Susan Dynner's documentary about the past 30 years of punk music doesn't exactly break any new ground. But it does offer an entertaining overview that is leavened with humorous philosophical digressions.
About as in-your-face and raggedy as its subject, Dynner's film is really less of a history than a psychological profile, rooting around for the meat of what makes punk so resilient, cross-generational and communal.
Whether you're a kid with a fresh coat of shellac on your Mohawk or an aging hipster still clinging to the Johnny Rotten school of snot, it's a film that enlightens the debate and demonstrates without a doubt that when punk disappears, it never truly dies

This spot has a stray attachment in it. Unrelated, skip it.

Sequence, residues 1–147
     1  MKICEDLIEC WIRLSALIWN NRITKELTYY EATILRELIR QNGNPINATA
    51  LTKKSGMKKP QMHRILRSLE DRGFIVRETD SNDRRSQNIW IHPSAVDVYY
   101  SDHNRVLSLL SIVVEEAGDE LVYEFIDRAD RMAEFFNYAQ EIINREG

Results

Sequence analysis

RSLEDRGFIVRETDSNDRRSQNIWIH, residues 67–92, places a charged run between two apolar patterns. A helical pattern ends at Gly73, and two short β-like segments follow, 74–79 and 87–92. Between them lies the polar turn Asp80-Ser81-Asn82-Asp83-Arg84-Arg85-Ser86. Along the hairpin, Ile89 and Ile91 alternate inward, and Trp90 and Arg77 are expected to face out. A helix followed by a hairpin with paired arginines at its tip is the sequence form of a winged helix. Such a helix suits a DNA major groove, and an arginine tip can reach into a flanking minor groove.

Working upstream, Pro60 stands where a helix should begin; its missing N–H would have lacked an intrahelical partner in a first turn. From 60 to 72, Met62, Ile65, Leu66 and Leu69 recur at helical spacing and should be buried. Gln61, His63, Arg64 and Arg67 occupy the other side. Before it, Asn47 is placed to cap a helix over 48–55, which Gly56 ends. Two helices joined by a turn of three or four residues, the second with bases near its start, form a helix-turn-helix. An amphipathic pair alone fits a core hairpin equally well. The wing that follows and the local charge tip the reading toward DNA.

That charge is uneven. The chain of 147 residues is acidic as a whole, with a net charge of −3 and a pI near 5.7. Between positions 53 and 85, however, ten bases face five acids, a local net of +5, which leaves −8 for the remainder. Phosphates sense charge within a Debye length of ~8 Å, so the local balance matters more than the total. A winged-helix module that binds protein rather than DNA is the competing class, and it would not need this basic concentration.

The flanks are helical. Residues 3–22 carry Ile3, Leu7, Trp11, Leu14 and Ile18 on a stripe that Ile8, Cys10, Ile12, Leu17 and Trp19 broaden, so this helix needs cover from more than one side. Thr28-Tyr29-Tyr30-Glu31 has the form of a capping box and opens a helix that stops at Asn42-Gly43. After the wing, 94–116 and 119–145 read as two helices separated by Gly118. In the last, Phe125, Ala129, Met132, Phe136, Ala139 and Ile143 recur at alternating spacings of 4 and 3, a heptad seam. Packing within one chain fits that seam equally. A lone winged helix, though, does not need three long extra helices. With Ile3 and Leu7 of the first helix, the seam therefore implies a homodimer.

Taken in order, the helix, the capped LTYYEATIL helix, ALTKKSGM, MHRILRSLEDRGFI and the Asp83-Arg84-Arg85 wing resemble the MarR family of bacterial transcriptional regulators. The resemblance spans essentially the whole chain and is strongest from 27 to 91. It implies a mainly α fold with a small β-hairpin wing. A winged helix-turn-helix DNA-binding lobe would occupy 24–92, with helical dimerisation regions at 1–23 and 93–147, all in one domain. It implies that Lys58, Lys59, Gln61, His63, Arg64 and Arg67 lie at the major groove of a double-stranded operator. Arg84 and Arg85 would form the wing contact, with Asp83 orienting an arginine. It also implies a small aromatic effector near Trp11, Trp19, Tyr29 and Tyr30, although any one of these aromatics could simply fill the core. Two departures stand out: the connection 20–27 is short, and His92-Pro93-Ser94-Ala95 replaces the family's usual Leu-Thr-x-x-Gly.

Structured very loosely along chronological lines, Punk's Not Dead takes core samples from musical forefathers, mid-period bands, and snotty young kids, building a jangly, contradictory mosaic as it goes.
Pacy, broad-based overview of the punk rock scene from 1977 to present packages a who's who of luminaries and rare performance clips into a vibrant proof-of-life statement underpinned by keen analysis of sociopolitical issues.